‘Bad Batch’ is ‘Ninja Turtles’ meets ‘Voltron’ for Star Wars

Damn it’s good to be a Star Wars fan. Like many, I had the opportunity to catch the first episode of the new Dave Filoni animated series, The Bad Batch. I admit I was not really looking forward to a show about a bunch of Storm Troopers, but Filoni once again demonstrates that he isn’t just throwing things at the wall in hopes they’ll stick; there indeed is always a vision for a project and its place in the expanding Star Wars Universe.

I will get more into the elements of the premiere episode for my official review, but for now I wanted to dive into our characters. Coming in with little to no expectations, I was pleasantly surprised to see how they managed to make five clones come off unique, individual, and each with their own sense of style.

By the episode’s end I was on board with this new Star Wars group, and a big reason was because despite an episode spanning over seventy minutes it flew by because of them! They felt so familiar and the reason is because they are! Their whole dynamic mirrors great teams of other animated classics like the Ninja Turtles.

Yes, this is Ninja Turtles for Star Wars. Filoni you genius!

Hunter: Here we have our standard ‘leader’ character. Hunter fits the tropes of the leader by being the one who is dealing directly with the moral ambiguity of his surroundings, trying to do what’s best for the group, and at the same time serving as the very moral compass for those around him. In this regard he is like Leonardo from the Ninja Turtles, and Shiro from Netflix’s Voltron. Like his clone brothers (and sister?), Hunter posesses a unique ability. In his case he has heightened senses that make him a powerful asset in the field. Though they are all clones, Hunter could also be classified as, “The looks.” A position Lance from Voltron tried to nominate himself for on multiple occassions but many would agree Shiro took that as well.

His team all have polarizing personalities and ones that would likely not gravitate towards each other naturally, but because of their genetic difference and their role in the clone army, there they are. Hunter, like many leaders in prior media, feels like the level-headed glue that keeps them together and allows these personalities to mesh.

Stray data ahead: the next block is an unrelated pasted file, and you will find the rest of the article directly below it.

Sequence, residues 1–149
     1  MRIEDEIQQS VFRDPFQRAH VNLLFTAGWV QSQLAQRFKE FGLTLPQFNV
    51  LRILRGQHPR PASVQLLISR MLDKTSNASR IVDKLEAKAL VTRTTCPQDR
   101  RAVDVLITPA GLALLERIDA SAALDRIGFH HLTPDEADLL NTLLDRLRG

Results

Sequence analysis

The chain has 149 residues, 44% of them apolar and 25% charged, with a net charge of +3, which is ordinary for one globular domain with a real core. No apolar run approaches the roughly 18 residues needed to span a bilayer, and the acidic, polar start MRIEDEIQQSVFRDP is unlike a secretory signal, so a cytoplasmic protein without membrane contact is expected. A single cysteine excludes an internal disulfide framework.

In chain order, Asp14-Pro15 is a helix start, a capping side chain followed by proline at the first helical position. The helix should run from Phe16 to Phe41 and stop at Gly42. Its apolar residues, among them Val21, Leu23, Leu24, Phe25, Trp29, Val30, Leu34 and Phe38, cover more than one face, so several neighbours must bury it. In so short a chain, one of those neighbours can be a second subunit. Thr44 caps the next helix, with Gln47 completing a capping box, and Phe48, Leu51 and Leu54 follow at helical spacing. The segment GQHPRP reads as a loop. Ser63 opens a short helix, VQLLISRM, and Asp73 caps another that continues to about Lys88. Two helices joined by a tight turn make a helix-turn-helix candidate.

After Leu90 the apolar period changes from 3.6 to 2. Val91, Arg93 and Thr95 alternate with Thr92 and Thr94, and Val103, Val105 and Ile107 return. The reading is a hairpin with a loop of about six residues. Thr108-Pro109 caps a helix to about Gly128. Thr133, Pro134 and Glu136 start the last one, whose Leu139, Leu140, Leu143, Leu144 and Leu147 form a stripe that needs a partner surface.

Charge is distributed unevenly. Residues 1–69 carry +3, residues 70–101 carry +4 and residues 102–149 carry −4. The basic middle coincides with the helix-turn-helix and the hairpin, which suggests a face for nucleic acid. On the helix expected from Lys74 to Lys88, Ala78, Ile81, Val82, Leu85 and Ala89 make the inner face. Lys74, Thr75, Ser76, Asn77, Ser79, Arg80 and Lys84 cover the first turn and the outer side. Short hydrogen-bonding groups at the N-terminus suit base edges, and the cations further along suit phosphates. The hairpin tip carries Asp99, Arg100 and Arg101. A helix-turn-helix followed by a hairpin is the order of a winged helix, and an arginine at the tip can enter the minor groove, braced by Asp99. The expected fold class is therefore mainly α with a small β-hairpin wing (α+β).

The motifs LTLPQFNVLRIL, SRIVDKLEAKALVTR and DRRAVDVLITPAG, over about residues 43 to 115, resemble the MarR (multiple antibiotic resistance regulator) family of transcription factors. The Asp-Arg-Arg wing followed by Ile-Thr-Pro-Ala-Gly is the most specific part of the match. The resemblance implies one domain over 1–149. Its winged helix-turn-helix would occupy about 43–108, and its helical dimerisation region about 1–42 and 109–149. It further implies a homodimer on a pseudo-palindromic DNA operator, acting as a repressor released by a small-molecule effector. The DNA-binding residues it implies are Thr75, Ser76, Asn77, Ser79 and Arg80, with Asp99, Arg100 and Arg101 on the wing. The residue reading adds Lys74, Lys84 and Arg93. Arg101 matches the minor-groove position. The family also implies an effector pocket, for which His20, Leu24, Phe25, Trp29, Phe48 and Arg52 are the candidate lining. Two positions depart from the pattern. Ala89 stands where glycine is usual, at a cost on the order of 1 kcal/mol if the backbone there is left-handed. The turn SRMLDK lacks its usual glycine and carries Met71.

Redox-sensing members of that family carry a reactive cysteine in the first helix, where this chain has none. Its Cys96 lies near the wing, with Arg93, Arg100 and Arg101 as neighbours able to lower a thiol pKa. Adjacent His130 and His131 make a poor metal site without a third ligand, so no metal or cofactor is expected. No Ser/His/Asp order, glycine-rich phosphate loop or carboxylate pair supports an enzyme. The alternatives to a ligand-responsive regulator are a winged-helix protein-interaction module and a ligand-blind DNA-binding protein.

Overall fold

Wrecker: The ‘Muscle.’ So many teams have it! I would say Hunk filled this role on the Voltron team. Usually a jolly and “not as bright” character compared to the rest of the group. They can also often times either be the solid and quiet type or they’re the boisturous member with the least amount of trauma; comic relief has to be found somewhere! Though Michaelangelo isn’t exclusively the muscle of the turtles he is the comic relief. Mikey has two brothers caught in their feelings and another trapped in his head so there has to be at least one goofball. Wrecker takes that role here where three of his brothers serve the same roles as Raph, Leo, and Donnie.

I love Wrecker’s attitude. It’s very “No BS” and I think in his case he will be more of the comic relief version of ‘The Muscle.’ Out of all the helmets his might be my favorite?

Tech: The ‘Brain.’ What is a hero team without their man behind the computer?! You know, the team member that is able to hack into any computer, find the missing link to allow the plot to proceed, come up with the strategy, and create some great gear for the rest of the group. Usually these characters are more behind-the-scenes but I’m glad Tech, like his brothers, is hands on with the action as well. He’s the Pidge of Voltron, the Rhinox of Beast Wars, and the Donnie of the Ninja Turtles. He’s proved to be a favorite from the premiere episode as well.

Crosshairs: Every team has to have their wildcard/rebel. Crosshairs not only serves as the Raphael of this team but his relationship with Hunter through the first episode strongly mirrors the friction between Raphael and Leonardo. Both Raph and Crosshairs are the most serious of their groups with a stubborn desire to do things their way. Their rough exterior and interal storms at times make them dance the line of right and wrong. In Crosshairs’ case, he is more corrupted by the programming of Order 66, but it’s safe to assume his natural demeanor, regardless, is more stoic than his brothers.

Echo: Now, there are only four ninja turtles but to be fair, Echo isn’t one of the mutant clones! He is, as Tech calls him, a “reg.” We know he has been transformed into a droid-like clone by the events at the end of Clone Wars, and his place is more than welcome here. I think he might be a key addition to this team serving as a link between the time of the Republic and the time of the Empire; a bridge for the viewer between these two worlds. So, I suppose, he’s like our April O’Neil!

Omega: Unfortunately, technically, when it comes to the A-team trope the youngest member of the bad batch crew would technically just be, “the girl.” Yet, by the end of the premiere episode we know that she is so much more than that! Exactly what, time will tell, but our eyes are on the young mutant Omega.

If we want to keep using the Ninja Turtles reference she could be our Jennika. Yet, with the headpiece, blonde hair, and powerful consideration for the feelings of others I would also say she fits the shoes of Voltron’s princess Allura as well.


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